Chapter 10 in some ways feels like an awkward, unnecessary, little conclusion. What purpose do these verses serve? Are they a waste of breath by God in His inspired Scripture? Well, we all know the answer to that question, of course not, nothing is wasted or unimportant in God’s Word. So why these words? This chapter is a bit of a wake up, a slap in the face, a way of saying that this life is not some panacea, some kind of utopia, some happily ever afterward story. Unhappily life is back to normal, and nothing says life is back to normal more than taxes going up. King Ahasuerus is still king and is doing the things kings do. He is still acting out of self-interest as he imposes another burdensome tax on all his subjects. When Esther became queen back in chapter 2 the king granted a remission of taxes and gave away lavish gifts. So, this taxation is actually a reversal. Yes, the Jews were granted a great life-saving victory over their enemies but they are still under a king who makes their lives more burdensome. He is still mighty in power and in his own selfish desires. Everything has been reversed and yet nothing has changed. He is completely unmoved by all the providential events that have gone on around him. God has been mightily, even if silently, present and at work, yet the king is clueless to all the signs of grace and faith and spiritual power. But there is good news also. Mordecai is second in power and more powerful than ever and has the favor of all his people and he is not acting out of self-interest, he’s looking out for the welfare of his people and seeking peace (shalom).
What do we think when we hear Zephaniah 3? Or to get past the head to the heart, what do we feel when we hear Zephaniah 3? Some of us have a bunch of walls or filters or past experiences that won’t let this text get through. You are good Calvinists, you know your heart is totally depraved, too full of too much sin. God is too great and infinite and you are too small and insignificant to even be noticed by God. You are nothing special, you haven’t done anything great for the kingdom. Some of you think God is mad at you or at least very disappointed. We need to know not just that God loves us, but how much He loves us. I want us to grasp, not our love for God, but God’s love for us this morning.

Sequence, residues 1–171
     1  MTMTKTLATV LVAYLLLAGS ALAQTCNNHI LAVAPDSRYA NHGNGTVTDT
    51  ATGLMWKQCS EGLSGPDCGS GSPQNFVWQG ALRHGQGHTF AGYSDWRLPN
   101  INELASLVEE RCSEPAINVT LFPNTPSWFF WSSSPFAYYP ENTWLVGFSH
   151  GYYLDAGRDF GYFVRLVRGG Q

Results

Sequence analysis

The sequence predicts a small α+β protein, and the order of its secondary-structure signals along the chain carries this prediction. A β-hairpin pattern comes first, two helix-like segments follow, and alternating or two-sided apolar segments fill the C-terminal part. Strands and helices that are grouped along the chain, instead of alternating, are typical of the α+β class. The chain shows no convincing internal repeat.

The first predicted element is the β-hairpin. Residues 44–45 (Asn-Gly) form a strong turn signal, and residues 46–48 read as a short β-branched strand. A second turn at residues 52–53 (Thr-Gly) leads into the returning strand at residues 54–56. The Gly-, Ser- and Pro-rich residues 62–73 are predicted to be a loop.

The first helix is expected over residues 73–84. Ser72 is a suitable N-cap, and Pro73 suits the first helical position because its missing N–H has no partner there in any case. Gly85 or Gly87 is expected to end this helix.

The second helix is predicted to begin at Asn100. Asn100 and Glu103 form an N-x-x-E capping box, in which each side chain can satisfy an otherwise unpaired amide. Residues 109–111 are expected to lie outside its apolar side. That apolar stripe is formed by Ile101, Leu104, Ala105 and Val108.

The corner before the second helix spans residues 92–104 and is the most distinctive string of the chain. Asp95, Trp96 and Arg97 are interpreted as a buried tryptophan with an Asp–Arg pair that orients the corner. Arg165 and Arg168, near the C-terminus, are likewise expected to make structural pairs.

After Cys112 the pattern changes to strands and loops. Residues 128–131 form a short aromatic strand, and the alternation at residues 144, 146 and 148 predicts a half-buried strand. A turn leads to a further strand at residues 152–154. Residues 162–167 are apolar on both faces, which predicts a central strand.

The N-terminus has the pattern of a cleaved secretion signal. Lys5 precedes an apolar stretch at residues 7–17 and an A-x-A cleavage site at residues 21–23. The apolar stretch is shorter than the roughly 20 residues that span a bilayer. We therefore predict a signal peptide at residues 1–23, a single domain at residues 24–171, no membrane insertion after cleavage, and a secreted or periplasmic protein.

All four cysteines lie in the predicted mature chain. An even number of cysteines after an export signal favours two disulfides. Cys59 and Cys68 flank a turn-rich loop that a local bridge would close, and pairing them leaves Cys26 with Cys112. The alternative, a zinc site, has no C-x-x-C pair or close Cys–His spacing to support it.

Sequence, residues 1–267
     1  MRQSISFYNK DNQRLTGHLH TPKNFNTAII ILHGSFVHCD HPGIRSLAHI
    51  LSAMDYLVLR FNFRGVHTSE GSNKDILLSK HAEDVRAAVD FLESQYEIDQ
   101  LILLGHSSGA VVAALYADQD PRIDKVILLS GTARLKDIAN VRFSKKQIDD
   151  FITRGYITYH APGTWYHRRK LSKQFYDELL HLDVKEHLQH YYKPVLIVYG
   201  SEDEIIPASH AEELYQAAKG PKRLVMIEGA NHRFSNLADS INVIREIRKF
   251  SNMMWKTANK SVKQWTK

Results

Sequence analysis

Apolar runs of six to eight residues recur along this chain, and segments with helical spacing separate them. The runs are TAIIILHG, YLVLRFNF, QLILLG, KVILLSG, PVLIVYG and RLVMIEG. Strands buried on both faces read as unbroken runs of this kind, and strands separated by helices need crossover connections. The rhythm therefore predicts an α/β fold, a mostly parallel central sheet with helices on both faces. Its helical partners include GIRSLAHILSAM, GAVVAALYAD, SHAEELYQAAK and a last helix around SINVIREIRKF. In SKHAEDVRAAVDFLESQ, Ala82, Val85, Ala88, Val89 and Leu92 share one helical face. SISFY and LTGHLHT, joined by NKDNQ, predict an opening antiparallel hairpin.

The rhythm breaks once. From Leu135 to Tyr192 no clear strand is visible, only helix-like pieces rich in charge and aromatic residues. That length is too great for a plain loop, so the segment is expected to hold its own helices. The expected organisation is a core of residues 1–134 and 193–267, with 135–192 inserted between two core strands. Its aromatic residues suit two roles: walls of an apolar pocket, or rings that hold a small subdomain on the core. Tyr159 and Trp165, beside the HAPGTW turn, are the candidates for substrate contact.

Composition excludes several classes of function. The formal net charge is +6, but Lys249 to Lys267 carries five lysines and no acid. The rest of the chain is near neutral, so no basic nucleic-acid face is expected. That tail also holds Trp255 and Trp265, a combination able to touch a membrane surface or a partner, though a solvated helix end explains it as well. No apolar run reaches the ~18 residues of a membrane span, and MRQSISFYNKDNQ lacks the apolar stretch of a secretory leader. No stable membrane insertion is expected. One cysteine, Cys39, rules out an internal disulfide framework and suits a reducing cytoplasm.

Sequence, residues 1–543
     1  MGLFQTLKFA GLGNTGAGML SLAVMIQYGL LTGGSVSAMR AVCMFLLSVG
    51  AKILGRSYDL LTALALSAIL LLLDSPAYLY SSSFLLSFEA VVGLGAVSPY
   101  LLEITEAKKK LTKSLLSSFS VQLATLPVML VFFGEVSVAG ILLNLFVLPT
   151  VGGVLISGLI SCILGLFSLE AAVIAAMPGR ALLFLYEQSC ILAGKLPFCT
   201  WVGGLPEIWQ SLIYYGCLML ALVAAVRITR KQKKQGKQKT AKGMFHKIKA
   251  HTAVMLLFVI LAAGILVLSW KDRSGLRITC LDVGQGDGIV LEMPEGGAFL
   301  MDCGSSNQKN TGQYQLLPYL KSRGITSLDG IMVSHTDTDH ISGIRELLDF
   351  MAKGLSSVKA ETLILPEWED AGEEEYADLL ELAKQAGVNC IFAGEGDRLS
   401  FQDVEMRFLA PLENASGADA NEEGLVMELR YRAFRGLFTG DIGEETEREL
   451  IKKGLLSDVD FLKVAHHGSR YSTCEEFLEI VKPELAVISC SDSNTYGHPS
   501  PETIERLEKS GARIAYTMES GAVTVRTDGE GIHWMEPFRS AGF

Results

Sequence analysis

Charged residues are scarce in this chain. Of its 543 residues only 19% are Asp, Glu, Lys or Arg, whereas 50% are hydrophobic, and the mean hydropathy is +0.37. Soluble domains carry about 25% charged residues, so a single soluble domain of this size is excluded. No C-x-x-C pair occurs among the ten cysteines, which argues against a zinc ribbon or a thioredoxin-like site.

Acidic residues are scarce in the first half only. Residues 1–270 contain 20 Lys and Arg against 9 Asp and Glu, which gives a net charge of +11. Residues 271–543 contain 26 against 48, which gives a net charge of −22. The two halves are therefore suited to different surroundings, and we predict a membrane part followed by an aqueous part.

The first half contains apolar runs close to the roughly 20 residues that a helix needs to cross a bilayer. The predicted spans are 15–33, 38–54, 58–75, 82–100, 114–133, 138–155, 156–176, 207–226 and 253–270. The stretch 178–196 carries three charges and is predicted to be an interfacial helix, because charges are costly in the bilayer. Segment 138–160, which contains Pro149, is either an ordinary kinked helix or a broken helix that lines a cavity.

Winston Churchill once said, “You can always count on Americans to do the right thing - after they've tried everything else.” Mark Twain said, “Do the right thing. It will gratify some people and astonish the rest.” Google has changed their motto from “Don’t be evil” to “Do the right thing” Last Monday was Martin Luther King Jr. day. He said a lot of good things in his day. “Cowardice asks the question, is it safe? Expediency asks the question, is it politic? Vanity asks the question, is it popular? But, conscience asks the question, is it right? And there comes a time when we must take a position that is neither safe, nor politic, nor popular, but one must take it because it is right.” This morning I want to talk with you about doing the right thing when it is neither safe, nor politically correct, nor popular, even when it’s hard, even when it costs. Because the immediate context of my sermon is the issue of abortion, I want to make it very clear that though I want to speak against abortion in the clearest of terms, I want to speak to those who have had an abortion in the most compassionate of terms. If you have committed this sin or helped or forced someone else to commit this sin, and you have been convicted of it by the Holy Spirit, know that the blood of Jesus is sufficient to completely cover and cleanse your sin, if you will truly repent and turn in faith to Him. And if you have done that and still feel guilt and shame, if you have done that and Satan tries to condemn you as a murderer, know that’s not Jesus talking, it’s Satan. Tell him, “Yes, I am a murderer but I stand in good company, with Moses and King David and the Apostle Paul, and one day I will stand with them before the throne of my Lord and Savior who loves me and died for me. In the name of Jesus I am set free.” Remind Satan of that every time he tries to remind you of this or any other sin. We are all sinners here, and I hold out the good news of the Gospel of Jesus Christ. We are not saved by being good, but by the grace of God in Christ Jesus. So we can talk honestly about sin and shame and guilt and know that we are not under judgment and condemnation if we are in Christ. Don’t stay outside in the judgment of God. Come inside to the family of God, the family created by repentance and faith. There is no condemnation for those who are in Christ Jesus.